Burlington City Arts

UVM Medical Center

University of Vermont Medical Center (formerly Fletcher Allen) has been exhibiting the work of Vermont artists on the main medical center campus in various locations for several years, thanks to its ongoing partnership with Burlington City Arts.


April - August 2017

Mary Hill

I love pattern and textile design. The abstract paintings are a way for me to organize color and form in an intuitive way. My hand moves and chooses paint color. I think the abstracts hint at overall decorative design...and then wander into other territory. An adventure into the unknown: I like that. The landscapes were created when my kids were teenagers. I was working on using a lighter color palette (analogy for “lightening up” myself…”chillax” Mom.) I painted them in response to a challenging few years, adding white to a palette that was usually thick with dark, rich colors. I work with many colors of paint spread out on a tray. I like using acrylic because of the easy clean up. I work from images in my head: when I set out to paint something I think up a design. What I paint that day depends on how I am feeling. I never have knowledge of the exact outcome of the work. Painting makes time disappear. I feel like I have created a little bit of peace in my corner of the world after I have been painting.

Michelle Turbide

My work is about the transformation of the soul through lived experiences that change, evolve, and grow us. While it could be described as abstract, expressionism, ethereal figurative work, or mysterious dreamscapes… it is really not about what you see in the piece, but about what you feel in the witnessing. My intent is for my work to settle into your being and communicate a message that is not always seen or felt at first glance but subtly speaks as you allow yourself to move into it. My process involves entering a state of liminal space and collective unconscious and excavating a visual narrative that holds the energy of the experience. I strive for my art to be a journey for the viewer to relate to the emotions, mystery, and depth of the essence behind the piece.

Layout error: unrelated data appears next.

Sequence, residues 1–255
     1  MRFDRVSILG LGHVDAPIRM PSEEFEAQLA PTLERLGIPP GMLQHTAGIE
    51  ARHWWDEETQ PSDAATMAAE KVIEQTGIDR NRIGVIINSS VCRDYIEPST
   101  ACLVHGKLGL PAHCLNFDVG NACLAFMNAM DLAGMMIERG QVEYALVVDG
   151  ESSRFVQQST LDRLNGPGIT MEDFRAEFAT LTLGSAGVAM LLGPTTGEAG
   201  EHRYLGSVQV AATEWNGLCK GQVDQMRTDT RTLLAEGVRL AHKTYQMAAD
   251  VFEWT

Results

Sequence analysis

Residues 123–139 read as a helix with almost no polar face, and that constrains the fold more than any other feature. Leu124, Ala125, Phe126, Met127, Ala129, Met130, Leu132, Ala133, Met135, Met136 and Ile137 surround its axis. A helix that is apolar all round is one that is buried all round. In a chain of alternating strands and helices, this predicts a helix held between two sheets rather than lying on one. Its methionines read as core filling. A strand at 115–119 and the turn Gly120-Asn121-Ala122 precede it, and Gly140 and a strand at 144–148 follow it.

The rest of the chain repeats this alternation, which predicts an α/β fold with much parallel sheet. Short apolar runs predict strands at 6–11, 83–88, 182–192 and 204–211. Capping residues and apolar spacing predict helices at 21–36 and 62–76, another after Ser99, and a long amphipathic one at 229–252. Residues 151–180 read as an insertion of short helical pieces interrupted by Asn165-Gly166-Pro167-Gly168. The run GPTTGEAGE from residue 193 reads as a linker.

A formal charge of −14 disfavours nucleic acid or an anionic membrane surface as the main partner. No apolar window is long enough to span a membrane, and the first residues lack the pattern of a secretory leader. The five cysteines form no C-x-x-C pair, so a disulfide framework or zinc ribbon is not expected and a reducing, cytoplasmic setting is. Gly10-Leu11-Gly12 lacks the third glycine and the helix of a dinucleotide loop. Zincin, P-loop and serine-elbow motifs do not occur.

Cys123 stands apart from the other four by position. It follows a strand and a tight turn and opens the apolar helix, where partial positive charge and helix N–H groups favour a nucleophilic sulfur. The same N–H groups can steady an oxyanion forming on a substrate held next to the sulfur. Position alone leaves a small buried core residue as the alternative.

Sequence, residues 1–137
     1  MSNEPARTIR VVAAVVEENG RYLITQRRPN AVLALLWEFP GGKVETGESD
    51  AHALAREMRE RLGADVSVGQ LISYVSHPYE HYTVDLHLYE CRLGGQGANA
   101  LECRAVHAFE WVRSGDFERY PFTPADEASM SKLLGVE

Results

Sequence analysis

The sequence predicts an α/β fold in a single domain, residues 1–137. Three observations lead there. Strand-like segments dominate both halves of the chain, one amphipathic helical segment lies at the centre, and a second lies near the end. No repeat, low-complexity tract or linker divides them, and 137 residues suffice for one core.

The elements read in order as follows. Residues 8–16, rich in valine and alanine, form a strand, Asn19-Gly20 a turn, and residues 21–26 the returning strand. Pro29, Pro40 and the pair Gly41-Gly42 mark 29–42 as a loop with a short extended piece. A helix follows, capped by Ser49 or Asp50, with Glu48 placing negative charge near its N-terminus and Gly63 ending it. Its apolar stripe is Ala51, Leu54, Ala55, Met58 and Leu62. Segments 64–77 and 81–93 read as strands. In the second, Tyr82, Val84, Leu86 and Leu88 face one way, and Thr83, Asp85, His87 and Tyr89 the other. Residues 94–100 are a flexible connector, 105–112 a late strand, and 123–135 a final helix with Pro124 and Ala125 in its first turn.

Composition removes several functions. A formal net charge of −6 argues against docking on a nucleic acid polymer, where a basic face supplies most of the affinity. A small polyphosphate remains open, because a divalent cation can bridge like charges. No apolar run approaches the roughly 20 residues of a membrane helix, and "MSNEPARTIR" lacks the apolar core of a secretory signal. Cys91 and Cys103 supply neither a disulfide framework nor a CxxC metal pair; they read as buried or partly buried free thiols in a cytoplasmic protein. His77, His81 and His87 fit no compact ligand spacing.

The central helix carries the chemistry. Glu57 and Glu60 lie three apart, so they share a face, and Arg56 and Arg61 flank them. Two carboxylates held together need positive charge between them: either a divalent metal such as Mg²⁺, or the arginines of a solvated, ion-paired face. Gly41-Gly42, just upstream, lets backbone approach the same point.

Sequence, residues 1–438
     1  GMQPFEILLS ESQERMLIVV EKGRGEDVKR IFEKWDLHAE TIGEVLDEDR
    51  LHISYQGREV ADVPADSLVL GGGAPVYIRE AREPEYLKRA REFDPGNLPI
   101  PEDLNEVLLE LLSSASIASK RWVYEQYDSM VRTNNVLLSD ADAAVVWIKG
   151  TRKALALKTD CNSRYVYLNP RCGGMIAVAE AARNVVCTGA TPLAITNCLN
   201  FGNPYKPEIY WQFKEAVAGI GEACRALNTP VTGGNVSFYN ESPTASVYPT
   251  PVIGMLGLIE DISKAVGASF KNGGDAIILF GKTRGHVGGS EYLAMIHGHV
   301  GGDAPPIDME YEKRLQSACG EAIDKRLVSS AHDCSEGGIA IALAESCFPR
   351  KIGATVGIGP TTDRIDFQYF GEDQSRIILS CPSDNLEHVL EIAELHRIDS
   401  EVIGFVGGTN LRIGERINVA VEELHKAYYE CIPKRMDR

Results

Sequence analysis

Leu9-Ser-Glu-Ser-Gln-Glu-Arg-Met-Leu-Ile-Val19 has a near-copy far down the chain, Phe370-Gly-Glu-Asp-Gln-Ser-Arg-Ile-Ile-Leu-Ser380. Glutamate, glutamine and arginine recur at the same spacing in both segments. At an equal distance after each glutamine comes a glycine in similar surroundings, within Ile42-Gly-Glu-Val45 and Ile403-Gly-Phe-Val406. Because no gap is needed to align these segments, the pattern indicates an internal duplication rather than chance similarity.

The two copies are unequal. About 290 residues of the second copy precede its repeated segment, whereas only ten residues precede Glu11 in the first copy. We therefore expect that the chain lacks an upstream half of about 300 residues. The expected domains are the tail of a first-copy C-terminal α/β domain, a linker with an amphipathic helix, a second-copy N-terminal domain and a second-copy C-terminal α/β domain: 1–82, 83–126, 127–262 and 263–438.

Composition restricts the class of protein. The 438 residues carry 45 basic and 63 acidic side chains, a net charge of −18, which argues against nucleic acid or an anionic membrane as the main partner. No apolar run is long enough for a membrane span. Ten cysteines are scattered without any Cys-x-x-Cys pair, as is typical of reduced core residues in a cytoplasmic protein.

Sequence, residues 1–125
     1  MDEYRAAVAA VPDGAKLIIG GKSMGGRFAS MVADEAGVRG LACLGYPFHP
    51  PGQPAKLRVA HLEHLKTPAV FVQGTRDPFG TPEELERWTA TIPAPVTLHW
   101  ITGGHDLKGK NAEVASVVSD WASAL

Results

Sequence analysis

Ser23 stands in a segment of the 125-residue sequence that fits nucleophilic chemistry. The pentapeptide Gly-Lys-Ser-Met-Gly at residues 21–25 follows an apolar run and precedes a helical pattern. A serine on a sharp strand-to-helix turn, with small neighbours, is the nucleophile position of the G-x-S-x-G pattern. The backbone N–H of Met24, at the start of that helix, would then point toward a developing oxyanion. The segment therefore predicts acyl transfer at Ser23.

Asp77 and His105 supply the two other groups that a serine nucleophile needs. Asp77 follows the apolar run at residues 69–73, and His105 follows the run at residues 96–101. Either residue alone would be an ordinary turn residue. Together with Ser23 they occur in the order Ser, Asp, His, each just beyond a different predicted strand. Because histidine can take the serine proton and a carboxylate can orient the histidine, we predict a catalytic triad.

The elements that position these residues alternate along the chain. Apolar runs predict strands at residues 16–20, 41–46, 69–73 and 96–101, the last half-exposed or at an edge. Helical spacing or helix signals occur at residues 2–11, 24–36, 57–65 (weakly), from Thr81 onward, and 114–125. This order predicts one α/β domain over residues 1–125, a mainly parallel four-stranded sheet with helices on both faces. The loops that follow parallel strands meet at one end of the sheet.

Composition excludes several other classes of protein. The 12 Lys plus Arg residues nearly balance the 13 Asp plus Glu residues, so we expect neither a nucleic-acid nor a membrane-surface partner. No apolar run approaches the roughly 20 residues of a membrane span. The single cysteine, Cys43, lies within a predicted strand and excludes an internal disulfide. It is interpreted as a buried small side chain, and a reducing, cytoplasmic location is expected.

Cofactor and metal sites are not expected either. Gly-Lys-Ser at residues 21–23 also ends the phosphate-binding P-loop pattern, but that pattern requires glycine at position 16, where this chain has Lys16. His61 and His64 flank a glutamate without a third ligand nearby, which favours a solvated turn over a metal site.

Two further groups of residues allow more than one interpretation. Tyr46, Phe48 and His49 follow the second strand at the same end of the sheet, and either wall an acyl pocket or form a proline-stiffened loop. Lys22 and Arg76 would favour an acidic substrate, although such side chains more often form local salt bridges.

Kathleen Berry Bergeron

With passion anything is possible. I paint with conviction and anticipation never sure of the final result. This is the excitement in art. I am constantly fascinated finding new and expressive ways to captivate the viewer and make them part of the experience. As I gaze upon a subject, I imagine the different techniques that could be employed to evoke in the audience the same powerful impact that it gave me. Color and value are key in translating my ideas. My work begins a statement that can be finished by the person viewing it. I always use quality materials in creating a piece but it is my passion for the process that hopefully is the essential element that sets it apart. "Painting is like a dance partner , you don't control it but learn to move with it".

Ken Russack